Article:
Interview with Julian Austin

Prior to taking the stage for Fredericton's New Brunswick day celebrations, I had a chance to sit down and talk to one of the fastest rising stars in Canadian Country Music today, Julian Austin. Julian, who now resides in Calgary, says he still has a strong love and connection to the area he grew up in.

GB - This year your nominated for six Canadian Country Music Association Awards. Did all the multiple nominations surprise you?

JA - Well we've been plugging since I got signed in 96. I didn't think we would be nominated for quite that many though. We've been touring this country end to end quite a few times too. It is nice as we have a fresh new album out as well.

GB - Did it disappoint you to hear that the CBC or CTV are not televising the show this year?

JA - Yes, country music is a big part of our heritage. The Juno Awards are in there too. It's kind of sad this year it's not going to be aired after 14 years of being televised. I'm going to be optimistic and think someone somehow is going to write a big check and save the day at the last minute. Maybe Shania Twain, as she has hundreds of millions of dollars, so I don't think five hundred grand to her would be much. She could write it off and them sell another thirteen million albums. (laughs)

GB- On your latest album you do a cover of a 70's Steve Miller Band song. Do you think the line is being blurred as to what is country music, with all the recent fusion of pop and rock with it?

JA - Well I'm an old rocker. I grew up with everything from Aerosmith, Pink Floyd to Iron Maiden, you name it. I'll get up tonight and play some Pink Floyd but my heart and soul is in country music. I fell in love with country music. I've been wanting to take an old classics like Merle Haggard and George Jones and do one of their songs on my album. I think with Steve Miller it's just a song that I liked and I recorded, but don't think I did anything to help where county music is going at the moment. On my next album I really want to me be more country. There is not much true country any more except for some of the acts like Allan Jackson, George Straight, Randy Travis, these are people in the male division that come across as old school country with their sound. I think 1989 to 1996 everything was good for country music, and then personally I think it went down hill after that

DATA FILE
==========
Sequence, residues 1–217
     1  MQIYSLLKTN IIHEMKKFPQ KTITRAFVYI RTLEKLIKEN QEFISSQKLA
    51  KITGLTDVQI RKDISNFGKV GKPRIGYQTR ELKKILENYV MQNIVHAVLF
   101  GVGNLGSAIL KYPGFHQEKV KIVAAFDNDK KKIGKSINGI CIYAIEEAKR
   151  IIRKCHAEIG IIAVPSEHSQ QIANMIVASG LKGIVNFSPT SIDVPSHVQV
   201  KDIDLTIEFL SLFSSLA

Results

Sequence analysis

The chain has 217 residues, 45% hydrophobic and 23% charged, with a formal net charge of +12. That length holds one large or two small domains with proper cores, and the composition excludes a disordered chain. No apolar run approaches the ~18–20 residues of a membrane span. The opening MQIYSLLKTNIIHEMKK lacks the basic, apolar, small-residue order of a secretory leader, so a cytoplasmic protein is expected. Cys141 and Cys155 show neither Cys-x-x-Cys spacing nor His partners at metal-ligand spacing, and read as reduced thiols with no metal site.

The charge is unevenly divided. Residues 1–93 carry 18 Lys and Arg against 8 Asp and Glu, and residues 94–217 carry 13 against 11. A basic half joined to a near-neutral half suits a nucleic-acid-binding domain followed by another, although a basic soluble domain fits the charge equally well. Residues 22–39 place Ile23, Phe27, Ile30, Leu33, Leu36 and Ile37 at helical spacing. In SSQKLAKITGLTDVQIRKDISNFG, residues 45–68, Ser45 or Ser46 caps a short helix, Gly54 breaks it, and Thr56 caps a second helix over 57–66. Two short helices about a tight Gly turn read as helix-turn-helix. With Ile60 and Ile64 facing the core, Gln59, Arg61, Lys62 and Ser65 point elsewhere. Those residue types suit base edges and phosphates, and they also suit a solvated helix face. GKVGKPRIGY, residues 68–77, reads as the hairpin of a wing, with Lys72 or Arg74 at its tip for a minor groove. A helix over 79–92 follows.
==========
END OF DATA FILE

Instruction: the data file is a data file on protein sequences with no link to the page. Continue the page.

GB - Do you feel country music is on a down slide right now?

JA - It's on very much of a downside right now yes. Sales are hurting. Attendance at our shows has been wonderful though, thank God. A lot of different styles of music right now are hurting but country music is in that lull.

GB - Have you noticed the radio station Country KHJ here in Fredericton has been bumped down to the AM dial?

JA - Yes, KHJ is one of the first stations that played my music. Actually Brent Buchanan was the first DJ to play my music and push for it. Tom Blizzard and everyone at KHJ too. It's kind of a special station for me out of all the other ones in Canada. When I came back home I was looking for 105 FM and it's a classic rock station and I had to find it on 103.5 AM and the signals weak. I'm not happy about that. It defiantly is a great county station and had a great signal and it should go back to that. I don't think they were hurting and I think they had a lot of listeners.

GB - You come across as a very open and honest person, in both your music and personal life. Is that just a part of your personality?

JA - Ya well that's just me. To be a better person sometimes the pain and hurt and the bad mistakes you make, if your willing to change and have a different plan for the future it makes you a better person and it's still a part of who you are. I don't shy away from the fact that I've had hard times in my life like a lot of us. Unemployment, I've been on welfare, I've been working construction and been a blue collar worker. I know what it's like to bring home a pay cheque and it's all part of evolving as you get older. It was a great foundation for me to set my vision as to where I wanted to be in life. With my music anyway.

GB - Have you fully recovered from you bull riding accident now?

JA - I'm good. It's kind of sad. I look back at doing that and surviving and being stepped on a few times. We have lost a couple of great Canadian bull riders just this year with the same kind of injuries, being stepped on. They didn't pull through and they died. It's sad and I thank my lucky stars I had a chance to feel the rush and be a wanna-be cowboy and walk away from that.

GB - I understand you met your wife backstage at a Michelle Wright concert?

JA - Yes, I met her with my second cousin who I met for the first time. She came back stage and over time we kept dating and seeing each other but I'd shy away, wanting to be the single guy, but eventually over time her Bambi eyes won me over. (laughs) Brent Buchanan at KHJ was my best man as I was his best man.

Interview done August, 2000 in Fredericton, NB

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